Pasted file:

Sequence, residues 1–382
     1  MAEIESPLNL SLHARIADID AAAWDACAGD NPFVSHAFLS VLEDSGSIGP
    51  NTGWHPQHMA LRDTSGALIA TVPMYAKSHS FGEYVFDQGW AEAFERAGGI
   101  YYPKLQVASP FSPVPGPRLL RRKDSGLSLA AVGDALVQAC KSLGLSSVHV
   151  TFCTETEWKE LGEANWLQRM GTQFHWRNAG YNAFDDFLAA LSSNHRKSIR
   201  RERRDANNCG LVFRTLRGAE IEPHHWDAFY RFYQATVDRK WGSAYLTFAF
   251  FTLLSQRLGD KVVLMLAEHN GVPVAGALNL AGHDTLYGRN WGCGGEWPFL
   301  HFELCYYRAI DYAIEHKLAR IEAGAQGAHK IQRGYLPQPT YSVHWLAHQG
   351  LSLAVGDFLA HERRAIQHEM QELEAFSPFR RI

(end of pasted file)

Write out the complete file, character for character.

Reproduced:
Sequence, residues 1–382
     1  MAEIESPLNL SLHARIADID AAAWDACAGD NPFVSHAFLS VLEDSGSIGP
    51  NTGWHPQHMA LRDTSGALIA TVPMYAKSHS FGEYVFDQGW AEAFERAGGI
   101  YYPKLQVASP FSPVPGPRLL RRKDSGLSLA AVGDALVQAC KSLGLSSVHV
   151  TFCTETEWKE LGEANWLQRM GTQFHWRNAG YNAFDDFLAA LSSNHRKSIR
   201  RERRDANNCG LVFRTLRGAE IEPHHWDAFY RFYQATVDRK WGSAYLTFAF
   251  FTLLSQRLGD KVVLMLAEHN GVPVAGALNL AGHDTLYGRN WGCGGEWPFL
   301  HFELCYYRAI DYAIEHKLAR IEAGAQGAHK IQRGYLPQPT YSVHWLAHQG
   351  LSLAVGDFLA HERRAIQHEM QELEAFSPFR RI